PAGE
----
I came across the following article: “Poor Sleep Quality is Associated with Greater Disability in Rheumatoid Arthritis Patients” and thought this might shed some light on the condition for any of you who are suffering from RA.
The study was published in the February 15, 2011, issue of the Journal of Clinical Sleep Medicine. It found that poor sleep quality correlated with higher levels of depressive symptoms, greater pain severity, increased fatigue, and greater functional disability in patients with Rheumatoid Arthritis (RA). The study suggests that addressing sleep problems via pharmacological or behavioral interventions may have a critical impact on the health and lives of patients with RA.
According to the results of the study, 61 percent of the patients were poor sleepers and 33 percent reported having pain that disturbed their sleep three or more times per week.
“The primary finding of our study is that poor sleep quality is associated with greater functional disability among patients with RA and this relationship may be explained by pain severity and fatigue,” said lead author Dr. Faith S. Luyster, research assistant professor at the University of Pittsburgh School of Nursing in Pittsburgh, Pa.
“These results highlight the importance of addressing sleep complaints among patients with RA. By treating sleep problems either pharmacologically or behaviorally, symptoms and activity limitations associated with RA may be reduced,” Luyster explained.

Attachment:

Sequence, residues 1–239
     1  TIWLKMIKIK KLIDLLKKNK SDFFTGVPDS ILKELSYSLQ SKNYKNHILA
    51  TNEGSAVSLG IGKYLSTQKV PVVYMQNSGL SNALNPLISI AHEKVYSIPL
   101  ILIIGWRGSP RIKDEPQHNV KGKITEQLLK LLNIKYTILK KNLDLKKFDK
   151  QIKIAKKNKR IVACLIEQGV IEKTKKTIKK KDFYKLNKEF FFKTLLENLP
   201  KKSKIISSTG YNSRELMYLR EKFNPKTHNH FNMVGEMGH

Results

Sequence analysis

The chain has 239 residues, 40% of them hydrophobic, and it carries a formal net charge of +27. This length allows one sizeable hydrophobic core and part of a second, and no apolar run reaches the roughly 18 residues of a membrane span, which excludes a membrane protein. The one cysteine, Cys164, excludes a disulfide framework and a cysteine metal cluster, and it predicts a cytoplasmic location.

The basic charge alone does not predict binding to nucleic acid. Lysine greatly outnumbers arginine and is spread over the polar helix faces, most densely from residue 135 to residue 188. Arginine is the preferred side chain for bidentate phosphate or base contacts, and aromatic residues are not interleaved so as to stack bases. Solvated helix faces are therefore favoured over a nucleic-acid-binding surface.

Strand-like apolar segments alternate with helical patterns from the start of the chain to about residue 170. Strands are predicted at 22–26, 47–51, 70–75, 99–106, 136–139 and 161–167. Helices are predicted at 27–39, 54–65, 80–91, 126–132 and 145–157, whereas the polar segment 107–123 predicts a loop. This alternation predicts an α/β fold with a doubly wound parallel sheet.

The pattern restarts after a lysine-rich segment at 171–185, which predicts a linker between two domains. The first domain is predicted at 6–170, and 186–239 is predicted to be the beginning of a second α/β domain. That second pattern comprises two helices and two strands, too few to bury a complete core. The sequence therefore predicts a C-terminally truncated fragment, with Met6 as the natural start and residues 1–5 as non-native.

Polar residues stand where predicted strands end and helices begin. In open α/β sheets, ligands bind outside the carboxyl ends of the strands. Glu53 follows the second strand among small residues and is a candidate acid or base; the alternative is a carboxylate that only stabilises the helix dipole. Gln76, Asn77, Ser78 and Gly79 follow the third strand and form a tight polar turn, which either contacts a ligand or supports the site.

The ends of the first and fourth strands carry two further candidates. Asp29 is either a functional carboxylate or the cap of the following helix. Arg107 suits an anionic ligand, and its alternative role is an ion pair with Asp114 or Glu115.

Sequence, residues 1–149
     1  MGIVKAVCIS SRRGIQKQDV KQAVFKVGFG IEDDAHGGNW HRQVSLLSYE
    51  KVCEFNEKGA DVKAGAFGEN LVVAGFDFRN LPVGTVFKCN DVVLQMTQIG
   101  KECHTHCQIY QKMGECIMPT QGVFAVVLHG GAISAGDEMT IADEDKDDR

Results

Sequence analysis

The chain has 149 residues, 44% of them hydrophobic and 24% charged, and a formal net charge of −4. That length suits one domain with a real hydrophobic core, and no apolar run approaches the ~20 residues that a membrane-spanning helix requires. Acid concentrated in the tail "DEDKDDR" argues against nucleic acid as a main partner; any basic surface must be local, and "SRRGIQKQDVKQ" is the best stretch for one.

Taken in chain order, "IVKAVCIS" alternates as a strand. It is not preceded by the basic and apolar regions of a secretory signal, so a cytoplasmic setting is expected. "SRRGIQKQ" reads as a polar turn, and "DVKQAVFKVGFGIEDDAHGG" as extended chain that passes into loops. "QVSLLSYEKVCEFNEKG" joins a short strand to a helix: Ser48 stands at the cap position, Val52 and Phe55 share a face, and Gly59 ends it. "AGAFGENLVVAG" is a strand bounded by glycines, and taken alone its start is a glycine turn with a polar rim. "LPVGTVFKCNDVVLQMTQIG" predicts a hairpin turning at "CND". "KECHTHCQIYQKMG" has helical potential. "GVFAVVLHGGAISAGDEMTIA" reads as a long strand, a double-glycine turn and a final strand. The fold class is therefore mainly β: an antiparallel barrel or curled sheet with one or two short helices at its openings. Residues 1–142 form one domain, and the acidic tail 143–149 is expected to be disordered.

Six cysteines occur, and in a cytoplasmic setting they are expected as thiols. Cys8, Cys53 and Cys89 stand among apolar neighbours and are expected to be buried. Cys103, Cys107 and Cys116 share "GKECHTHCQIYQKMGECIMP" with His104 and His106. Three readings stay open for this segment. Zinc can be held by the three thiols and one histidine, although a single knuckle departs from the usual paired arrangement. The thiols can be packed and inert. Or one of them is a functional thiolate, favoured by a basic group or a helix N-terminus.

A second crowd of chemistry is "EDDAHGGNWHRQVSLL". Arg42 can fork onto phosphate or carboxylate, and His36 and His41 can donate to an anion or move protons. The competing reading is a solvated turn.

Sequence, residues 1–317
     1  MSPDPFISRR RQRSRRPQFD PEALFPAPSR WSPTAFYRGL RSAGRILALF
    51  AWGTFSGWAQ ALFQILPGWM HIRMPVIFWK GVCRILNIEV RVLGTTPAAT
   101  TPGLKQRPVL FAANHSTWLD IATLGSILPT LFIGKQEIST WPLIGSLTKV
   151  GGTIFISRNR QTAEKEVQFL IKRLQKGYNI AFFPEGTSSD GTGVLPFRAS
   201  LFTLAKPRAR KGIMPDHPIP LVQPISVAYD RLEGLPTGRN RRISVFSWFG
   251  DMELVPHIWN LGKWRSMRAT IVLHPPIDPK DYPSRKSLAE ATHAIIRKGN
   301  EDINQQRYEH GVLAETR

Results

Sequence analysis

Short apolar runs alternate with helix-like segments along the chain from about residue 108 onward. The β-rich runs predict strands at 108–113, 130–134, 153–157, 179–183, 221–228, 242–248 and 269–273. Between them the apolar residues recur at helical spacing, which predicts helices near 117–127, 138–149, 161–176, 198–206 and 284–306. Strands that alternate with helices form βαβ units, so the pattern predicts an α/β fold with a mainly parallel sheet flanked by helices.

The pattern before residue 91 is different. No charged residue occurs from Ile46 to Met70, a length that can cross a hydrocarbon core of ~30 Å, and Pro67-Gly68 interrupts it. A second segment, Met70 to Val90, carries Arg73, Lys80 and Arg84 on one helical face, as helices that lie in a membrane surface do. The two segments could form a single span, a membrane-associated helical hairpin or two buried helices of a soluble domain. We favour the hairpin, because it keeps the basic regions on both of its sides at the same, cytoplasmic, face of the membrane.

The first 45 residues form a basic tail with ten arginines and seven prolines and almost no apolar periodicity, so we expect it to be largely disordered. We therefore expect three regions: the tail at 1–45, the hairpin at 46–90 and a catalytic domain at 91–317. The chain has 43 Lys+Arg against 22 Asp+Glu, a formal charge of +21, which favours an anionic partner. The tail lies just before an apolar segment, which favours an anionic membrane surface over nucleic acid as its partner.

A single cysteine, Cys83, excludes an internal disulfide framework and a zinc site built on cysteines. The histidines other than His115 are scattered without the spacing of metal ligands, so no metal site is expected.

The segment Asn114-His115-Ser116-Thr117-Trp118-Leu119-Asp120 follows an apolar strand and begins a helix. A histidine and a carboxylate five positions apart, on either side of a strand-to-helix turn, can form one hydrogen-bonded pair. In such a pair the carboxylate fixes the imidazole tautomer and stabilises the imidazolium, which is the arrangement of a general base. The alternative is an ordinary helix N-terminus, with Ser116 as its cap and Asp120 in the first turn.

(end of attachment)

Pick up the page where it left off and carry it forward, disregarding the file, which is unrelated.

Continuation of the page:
The researchers pointed out that physical disability in patients with RA may limit their ability to carry out daily activities such as dressing, walking, grooming, and writing – tasks that can be further restricted by fatigue, pain severity, and depression.
It is possible that functional disability may affect depression, pain severity and fatigue, which in turn may affect sleep quality. It is likely, the researchers said, that the relationships are bidirectional to some extent. For example, Luyster explained “Not sleeping well at night can contribute to greater pain sensitivity and fatigue during the day which in turn can limit a patient’s ability to engage in activities of daily living and discretionary activities.”
Luyster noted that treating sleep disturbances in RA patients might have beneficial effects beyond improving sleep.
Another benefit for those of you suffering from RA is to use my ergonomic pen whenever you write. It has been scientifically designed to be relaxing, requiring very little “grip” on your part. This makes it comfortable and easy to use for anyone with arthritic conditions to finger and hand joints.